SimpleMinds950

IN SIMPLE terms the word ‘acoustic’ means not having electrical amplification. But as Glaswegian new-wave act Simple Minds triumphantly demonstrated to a packed house at Southampton’s Mayflower Theatre, definitions are subjective.

You would be forgiven for expecting longstanding Minds members Jim Kerr, the idyllic vocalist and endearing frontman since the group first formed in 1977, and Charlie Burchill, the cooling influence of an act synonymous with towering ballads and infectious electro-pop, to be sat aloft two stools. Burchill with guitar in hand; Kerr draining a glass with a microphone in his other. Yet as their Simple Minds Acoustic show began and Cherisse Osei stood behind a reverb soaked drum kit and the opening of ‘New Gold Dream (81–82–83–84)’ bellowed out – it appeared this would be a slick, effervescent night rewinding across the decades. The only difference was the guitar.

It was typical Minds. Kerr serenading, dancing and twirling audience members by the dozen – a flashback to the 80s and the band in their pomp. ‘Mandela Day’ – the rhythmically alluring b-side to 1989’s ‘Belfast Child’ saw the audience dazzled by a sea of South African colour – and ‘Chelsea Girl’ – a jaunty number off the band’s debut, which gave a snapshot into the initial post-punk sensibilities of the outfit, whilst demonstrating the hook-laced sounds that would become their hallmark – got the audience bouncing before the hit onslaught began.

‘Stand By Love’, ‘Someone, Somewhere in Summertime’, ‘Sanctify Yourself’ and ‘Promised You A Miracle’ all primed to get the audience aroused for their finale.

Truth be told it was a beautiful spectacle. As Kerr began humming the lead line of ‘Don’t You (Forget About Me)’, the crowd standing, arms waving in tandem with his, the simmering excitement evolving as the realisation of what was to come became apparent. The wavering bass, hushed passages of acoustics. Boom. ‘Alive & Kicking’ wasn’t far off that either.

This acoustic excursion, which was a real opportunity for the die hard fans to get up close and personal to their often stadium-filling favourites, showed exactly why this band was as defining to the eighties as any other. Removal of some electric, some synths, but at the heart are a set of songs more direct, yet resounding than we first ever imagined.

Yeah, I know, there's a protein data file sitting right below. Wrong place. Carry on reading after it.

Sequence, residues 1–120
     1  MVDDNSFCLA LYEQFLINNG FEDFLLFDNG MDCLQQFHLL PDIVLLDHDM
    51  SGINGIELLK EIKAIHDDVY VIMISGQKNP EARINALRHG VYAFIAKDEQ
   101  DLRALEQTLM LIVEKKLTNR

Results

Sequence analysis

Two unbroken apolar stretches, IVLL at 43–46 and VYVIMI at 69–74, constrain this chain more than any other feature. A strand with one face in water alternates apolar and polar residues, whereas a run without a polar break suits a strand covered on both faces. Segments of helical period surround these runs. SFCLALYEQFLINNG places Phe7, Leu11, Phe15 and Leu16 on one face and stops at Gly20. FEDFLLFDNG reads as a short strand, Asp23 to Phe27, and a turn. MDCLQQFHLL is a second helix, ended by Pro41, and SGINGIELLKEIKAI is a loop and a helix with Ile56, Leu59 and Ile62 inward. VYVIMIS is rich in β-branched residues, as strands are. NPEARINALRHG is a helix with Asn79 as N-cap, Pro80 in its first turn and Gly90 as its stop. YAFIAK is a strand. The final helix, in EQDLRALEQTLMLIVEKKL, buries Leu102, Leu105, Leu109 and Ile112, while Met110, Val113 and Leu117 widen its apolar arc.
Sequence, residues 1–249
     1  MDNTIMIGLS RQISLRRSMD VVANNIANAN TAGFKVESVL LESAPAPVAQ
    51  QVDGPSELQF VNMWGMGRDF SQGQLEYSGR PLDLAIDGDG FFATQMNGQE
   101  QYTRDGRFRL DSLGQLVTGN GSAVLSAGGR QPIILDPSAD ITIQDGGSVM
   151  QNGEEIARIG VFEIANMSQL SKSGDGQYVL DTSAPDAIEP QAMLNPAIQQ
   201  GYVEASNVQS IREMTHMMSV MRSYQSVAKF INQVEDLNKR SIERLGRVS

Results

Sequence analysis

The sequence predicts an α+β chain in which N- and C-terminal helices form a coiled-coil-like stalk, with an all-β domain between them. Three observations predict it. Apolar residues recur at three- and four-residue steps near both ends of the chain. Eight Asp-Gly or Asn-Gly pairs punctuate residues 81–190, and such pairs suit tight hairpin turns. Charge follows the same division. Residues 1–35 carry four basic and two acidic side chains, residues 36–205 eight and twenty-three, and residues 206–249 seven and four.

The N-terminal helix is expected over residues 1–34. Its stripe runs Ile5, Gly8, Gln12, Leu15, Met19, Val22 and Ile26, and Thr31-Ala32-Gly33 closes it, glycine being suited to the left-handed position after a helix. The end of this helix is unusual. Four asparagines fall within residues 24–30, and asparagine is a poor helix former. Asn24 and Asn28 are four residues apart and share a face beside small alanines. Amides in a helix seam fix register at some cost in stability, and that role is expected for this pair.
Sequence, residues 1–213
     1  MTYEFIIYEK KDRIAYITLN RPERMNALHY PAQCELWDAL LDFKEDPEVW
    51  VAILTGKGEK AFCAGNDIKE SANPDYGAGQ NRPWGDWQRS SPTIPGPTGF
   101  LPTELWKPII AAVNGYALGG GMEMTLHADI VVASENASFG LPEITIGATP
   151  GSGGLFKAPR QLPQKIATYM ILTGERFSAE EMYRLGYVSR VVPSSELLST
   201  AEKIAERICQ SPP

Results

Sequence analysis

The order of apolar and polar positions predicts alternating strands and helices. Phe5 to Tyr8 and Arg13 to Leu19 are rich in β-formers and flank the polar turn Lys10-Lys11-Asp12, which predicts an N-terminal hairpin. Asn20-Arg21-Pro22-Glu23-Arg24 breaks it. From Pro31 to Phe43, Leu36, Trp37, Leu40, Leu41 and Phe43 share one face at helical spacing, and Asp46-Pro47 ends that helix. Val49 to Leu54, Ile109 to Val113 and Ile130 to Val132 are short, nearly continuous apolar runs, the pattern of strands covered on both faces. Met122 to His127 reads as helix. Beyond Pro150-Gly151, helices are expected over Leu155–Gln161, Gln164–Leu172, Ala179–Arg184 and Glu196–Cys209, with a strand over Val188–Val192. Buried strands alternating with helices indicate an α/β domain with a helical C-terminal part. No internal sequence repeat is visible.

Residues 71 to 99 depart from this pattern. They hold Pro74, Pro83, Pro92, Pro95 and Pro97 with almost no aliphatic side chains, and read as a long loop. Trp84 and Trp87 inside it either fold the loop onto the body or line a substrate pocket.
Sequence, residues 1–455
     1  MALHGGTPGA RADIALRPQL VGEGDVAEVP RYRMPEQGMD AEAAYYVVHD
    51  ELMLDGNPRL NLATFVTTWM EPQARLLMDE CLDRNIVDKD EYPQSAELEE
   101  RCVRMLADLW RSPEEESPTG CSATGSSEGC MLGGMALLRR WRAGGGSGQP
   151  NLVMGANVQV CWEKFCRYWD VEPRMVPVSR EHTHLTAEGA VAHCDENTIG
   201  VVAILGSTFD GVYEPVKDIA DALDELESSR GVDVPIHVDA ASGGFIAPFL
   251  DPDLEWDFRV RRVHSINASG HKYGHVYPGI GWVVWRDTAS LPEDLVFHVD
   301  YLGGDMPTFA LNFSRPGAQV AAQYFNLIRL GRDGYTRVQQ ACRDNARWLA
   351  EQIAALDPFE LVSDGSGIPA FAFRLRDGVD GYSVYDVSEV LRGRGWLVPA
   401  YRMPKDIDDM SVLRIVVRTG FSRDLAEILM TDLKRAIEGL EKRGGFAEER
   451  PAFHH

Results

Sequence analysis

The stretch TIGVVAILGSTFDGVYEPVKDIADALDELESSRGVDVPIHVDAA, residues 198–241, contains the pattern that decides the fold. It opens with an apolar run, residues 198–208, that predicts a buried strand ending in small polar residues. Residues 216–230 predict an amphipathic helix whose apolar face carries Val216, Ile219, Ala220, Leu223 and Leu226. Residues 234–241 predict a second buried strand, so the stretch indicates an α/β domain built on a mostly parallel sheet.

Words by Clive K Hammond

MORE

BLOSSOMS, INTERVIEW, CAMP BESTIVAL
FOR many the last few years have absolutely flown by. Election after election, tragedy after tragedy, humane coming together of community, solidarity, Iceland, the year of the celebrity death, Pokemon Go. Too much to remember. Yet for four lads, who unbeknownst to them spent the whole of their lives living within 2km of each other, […]
NICK MULVEY, INTERVIEW, CAMP BESTIVAL
“WHEN you’re finished changing, you’re finished,” is how the antiquated adage from founding father Benjamin Franklin goes. That ability to be flexible and change when the time is right. Hundreds of years-ago that famous line was uttered, but it’s never felt more relevant, and for former modern-jazz-turned-songwriter-come-newly-christened-father Nick Mulvey, changing and maturing has always been […]
JOE INNES & THE CAVALCADE, FOREIGN DOMESTIC POLICY, INTERVIEW
“You know with this climate at the minute everything is changing,” London-based Joe Innes tell Quenched Music. With his new album ‘Foreign Domestic Policy’ taking years to finally arrange, it’s hardly surprising it’s become a labour of love for the self-confessed post-Brexit indie songwriter. “It took it’s time but that’s because in the time I […]
COMMON PEOPLE, SOUTHAMPTON, LIVE
AS THE final stragglers danced their way from the Common People main stage, the filthy sounds of favourite headliner Sean Paul still ringing around the ears, it was time for the organisers to reflect on how successful this year’s festival was. 40,000 flocked to Southampton’s Common in anticipation of yet another Bank Holiday jaunt on […]
CARELESS PEOPLE, CHARLOTTE OC, ALBUM, RECORDED
FOR SOMETIME, Charlotte Mary O’Connor – aka Charlotte OC – has been the electro-soulstress on the cusp of brilliance. Her 2013 track ‘Colour My Heart’ remains one of the darkened pop classics that finally distanced her from the bratty pop career Sony had once dreamt she would have. And in the four-years since, critics, fans […]
AETHERLIGHT, MT WOLF, ALBUM, RECORDED
NOT SINCE Sigur Rós landed in 1997 with their maiden release ‘Von’, has a debut album created such an anthemic buzz that every shard of the body quakes in sorrow, ectascy and electricity. And within minutes of London trio Mt Wolf’s ‘Aetherlight’ the very nature of the listener’s spirituality and existence is bought to question. […]